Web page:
The conditions are still pumping here on Maui, but we are waiting for the best possible day to finish the Pro Men and Women’s divisions. However, the event and tour winners have already been decided in the other divisions; so, now it’s time to catch up with our tour champions, starting with our 2017 Masters Champion, Jonathan Pooley (JP).
JP runs us through his favorite moments of the year, why he first got into competition and what he has learnt along the way…
Master’s Tour Champion – Jonathan Pooley (JP)
“We started with Morocco in May, were in Barbados in June, then Baja, Peru, Chile and now here to Maui. I had done the San Carlos event twice before this year, and last year I did the Aloha Classic for the first time. All of the events are so different. To me, that’s what is so cool about the tour. The experiences you have camping on the beach in Moulay or staying in a beachfront hotel in Barbados, or in the Solosports camp in San Carlos; they’re all such diverse lifestyles and cultures. You’ve got a great variety of sailing too; port tack and starboard tack, but really good down-the-line everywhere – we’ve had really good conditions this year!
“I think my favorite this year has been Peru, it was my first trip there and it was just amazing. It’s just this ridiculously long, rideable, port tack wave. We ran the contest in really good, contestable conditions, maybe shoulder to head high waves, then the day after a solid mast high swell arrived and that was one of the highlights of my windsurfing year! It was just incredible; you’ve got to see it to believe it!
“I first sailed Ho’okipa in 1992, but in recent history last year was my first time. Ho’okipa for me is still a massive challenge because I find it so much more difficult to sail this wave well, compared to everywhere else we go. Ho’okipa is really a locals wave. You need to spend some time here to get good at sailing it; to do well at Ho’okipa is the biggest challenge on the tour, for sure.
“The first event I competed in was in Baja, and it really happened by accident; I was on holiday there and the AWT crew showed up! I actually tried to change my flight that year so that I could stay and do the contest, but that didn’t quite happen. Next year we were back there and I decided to do the contest, and that was my first experience not only of an AWT/IWT contest, but of any wavesailing competition at all! I didn’t know anything about sailing heats, transitions or anything, but it was easy to learn and everyone was so supportive and helpful when I started out. It all comes a lot more naturally now and I’ve picked up a few useful tips for sailing heats along the way. Contest sailing adds a level of intensity to your sailing; you sail better in a heat, push it a little harder and realize how much you want to improve; so I think it’s been really good for my sailing.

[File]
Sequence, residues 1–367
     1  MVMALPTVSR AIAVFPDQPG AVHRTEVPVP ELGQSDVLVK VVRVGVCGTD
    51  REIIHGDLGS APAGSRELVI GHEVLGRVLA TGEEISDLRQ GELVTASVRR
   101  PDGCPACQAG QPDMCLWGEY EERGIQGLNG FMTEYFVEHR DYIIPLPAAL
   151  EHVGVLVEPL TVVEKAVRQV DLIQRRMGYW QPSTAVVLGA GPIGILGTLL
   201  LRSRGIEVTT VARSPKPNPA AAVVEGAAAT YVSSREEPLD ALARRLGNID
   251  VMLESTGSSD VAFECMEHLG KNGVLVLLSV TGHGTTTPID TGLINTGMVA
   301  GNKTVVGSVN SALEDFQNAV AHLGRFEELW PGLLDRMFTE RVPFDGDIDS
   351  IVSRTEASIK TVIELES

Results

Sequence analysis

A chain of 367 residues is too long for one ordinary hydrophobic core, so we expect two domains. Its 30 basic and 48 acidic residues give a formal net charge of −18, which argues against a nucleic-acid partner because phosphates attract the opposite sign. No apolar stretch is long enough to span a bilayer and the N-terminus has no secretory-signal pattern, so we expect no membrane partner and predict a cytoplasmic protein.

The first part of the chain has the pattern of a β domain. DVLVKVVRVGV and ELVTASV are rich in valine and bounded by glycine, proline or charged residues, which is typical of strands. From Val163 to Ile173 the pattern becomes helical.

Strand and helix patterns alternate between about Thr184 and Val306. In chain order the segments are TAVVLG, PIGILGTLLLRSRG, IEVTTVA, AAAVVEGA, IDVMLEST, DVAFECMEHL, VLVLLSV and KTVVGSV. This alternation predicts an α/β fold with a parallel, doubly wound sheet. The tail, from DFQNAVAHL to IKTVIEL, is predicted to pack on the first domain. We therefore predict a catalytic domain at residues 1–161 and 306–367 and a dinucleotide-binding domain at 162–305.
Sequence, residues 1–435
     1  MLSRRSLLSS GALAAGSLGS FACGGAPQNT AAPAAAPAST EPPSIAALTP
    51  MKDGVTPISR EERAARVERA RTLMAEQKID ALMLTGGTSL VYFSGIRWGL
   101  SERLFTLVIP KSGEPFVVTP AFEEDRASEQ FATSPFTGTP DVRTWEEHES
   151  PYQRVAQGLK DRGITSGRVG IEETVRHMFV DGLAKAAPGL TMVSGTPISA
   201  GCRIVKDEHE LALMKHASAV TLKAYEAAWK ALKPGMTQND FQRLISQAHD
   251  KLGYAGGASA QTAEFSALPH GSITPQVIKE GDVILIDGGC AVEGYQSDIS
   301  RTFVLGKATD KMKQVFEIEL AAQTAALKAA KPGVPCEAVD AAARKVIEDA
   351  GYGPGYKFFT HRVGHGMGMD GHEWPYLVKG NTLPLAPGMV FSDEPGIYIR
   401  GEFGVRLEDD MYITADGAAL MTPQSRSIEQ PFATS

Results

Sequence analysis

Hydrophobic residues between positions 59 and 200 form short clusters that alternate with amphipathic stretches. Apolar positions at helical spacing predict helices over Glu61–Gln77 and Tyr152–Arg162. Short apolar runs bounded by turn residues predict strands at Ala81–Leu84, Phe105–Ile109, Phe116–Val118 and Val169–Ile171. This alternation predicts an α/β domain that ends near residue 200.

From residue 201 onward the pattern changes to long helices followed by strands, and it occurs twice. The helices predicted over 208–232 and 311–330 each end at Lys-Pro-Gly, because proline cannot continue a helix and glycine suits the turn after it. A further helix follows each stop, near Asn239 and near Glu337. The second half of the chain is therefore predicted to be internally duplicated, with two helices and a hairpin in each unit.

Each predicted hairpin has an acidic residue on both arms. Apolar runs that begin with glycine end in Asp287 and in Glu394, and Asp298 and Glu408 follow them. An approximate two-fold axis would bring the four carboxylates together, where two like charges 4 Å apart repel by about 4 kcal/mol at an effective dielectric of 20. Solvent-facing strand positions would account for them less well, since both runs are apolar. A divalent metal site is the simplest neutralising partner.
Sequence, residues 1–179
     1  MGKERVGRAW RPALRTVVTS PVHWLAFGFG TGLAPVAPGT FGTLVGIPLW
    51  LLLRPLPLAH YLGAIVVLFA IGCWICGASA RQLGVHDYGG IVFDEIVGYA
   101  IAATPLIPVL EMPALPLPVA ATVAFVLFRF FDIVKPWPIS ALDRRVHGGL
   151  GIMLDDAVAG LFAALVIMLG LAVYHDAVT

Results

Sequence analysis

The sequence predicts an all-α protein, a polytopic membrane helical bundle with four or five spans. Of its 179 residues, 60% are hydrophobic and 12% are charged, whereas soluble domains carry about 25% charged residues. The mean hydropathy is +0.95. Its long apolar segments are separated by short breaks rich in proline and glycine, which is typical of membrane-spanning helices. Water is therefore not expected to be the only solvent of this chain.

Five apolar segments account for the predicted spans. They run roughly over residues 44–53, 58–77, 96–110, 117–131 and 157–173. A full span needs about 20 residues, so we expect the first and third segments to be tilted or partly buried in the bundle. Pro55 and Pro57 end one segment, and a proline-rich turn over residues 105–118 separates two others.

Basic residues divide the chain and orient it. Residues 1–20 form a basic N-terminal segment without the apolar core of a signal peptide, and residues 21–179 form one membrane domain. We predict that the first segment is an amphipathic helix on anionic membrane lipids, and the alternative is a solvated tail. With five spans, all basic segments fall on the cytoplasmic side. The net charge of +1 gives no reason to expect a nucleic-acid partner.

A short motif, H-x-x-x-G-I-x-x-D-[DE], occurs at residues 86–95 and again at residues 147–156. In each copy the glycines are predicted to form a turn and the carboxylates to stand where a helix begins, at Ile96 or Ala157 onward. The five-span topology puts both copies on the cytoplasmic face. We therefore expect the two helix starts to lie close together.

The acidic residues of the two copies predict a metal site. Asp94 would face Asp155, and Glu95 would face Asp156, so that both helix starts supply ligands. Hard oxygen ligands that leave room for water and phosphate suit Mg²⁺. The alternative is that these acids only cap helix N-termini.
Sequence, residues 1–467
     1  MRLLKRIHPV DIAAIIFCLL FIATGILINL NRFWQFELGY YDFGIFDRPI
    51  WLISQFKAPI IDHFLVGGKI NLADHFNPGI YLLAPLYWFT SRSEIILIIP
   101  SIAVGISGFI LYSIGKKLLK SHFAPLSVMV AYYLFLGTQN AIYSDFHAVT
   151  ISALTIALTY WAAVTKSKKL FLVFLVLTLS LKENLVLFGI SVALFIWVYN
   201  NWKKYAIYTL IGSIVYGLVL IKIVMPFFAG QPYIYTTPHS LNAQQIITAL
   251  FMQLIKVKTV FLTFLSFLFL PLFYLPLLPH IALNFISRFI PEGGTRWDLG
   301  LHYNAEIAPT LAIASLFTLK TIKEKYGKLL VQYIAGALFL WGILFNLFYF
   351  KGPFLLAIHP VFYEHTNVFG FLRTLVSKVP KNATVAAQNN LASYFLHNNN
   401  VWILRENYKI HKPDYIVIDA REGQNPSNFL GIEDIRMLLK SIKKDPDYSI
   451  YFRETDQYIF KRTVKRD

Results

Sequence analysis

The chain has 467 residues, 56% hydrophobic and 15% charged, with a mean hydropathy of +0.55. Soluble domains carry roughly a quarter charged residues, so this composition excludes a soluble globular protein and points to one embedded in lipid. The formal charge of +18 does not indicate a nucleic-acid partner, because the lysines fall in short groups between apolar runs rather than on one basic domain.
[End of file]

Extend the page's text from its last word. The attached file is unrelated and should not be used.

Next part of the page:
“Before I did a contest I didn’t really have any interest in it. I’m not really a competitive person; I was surprised to find out just how much I enjoyed it and how involved in it I became. We should say too that my lovely wife, Dawn, was asked to help run the event in Mexico a few years ago, which was the start of her involvement in windsurfing competitions. This year she was asked to be the full time tour manager, so it was really the fact that Dawn needed to be at the events for professional reasons that I had to come along, too. Which I obviously wasn’t too unhappy about! I mean, who can argue with a month in South America?!
“My advice to others thinking about coming along to an event would be, do it! Come along to one event and try it, you’re going to have such a good time; it’s a great group of people, a really good laugh, there’s always a party or two and your sailing will probably improve. Try it; you might like it!
“I’m so pleased to have won the Masters division, there’s been a real back and forth between Simeon Glasson and myself all year which has made the competition really fun. I’m already looking forward to next year!”
Media contact – Amy Carter firstname.lastname@example.org, All photos by Si Crowther.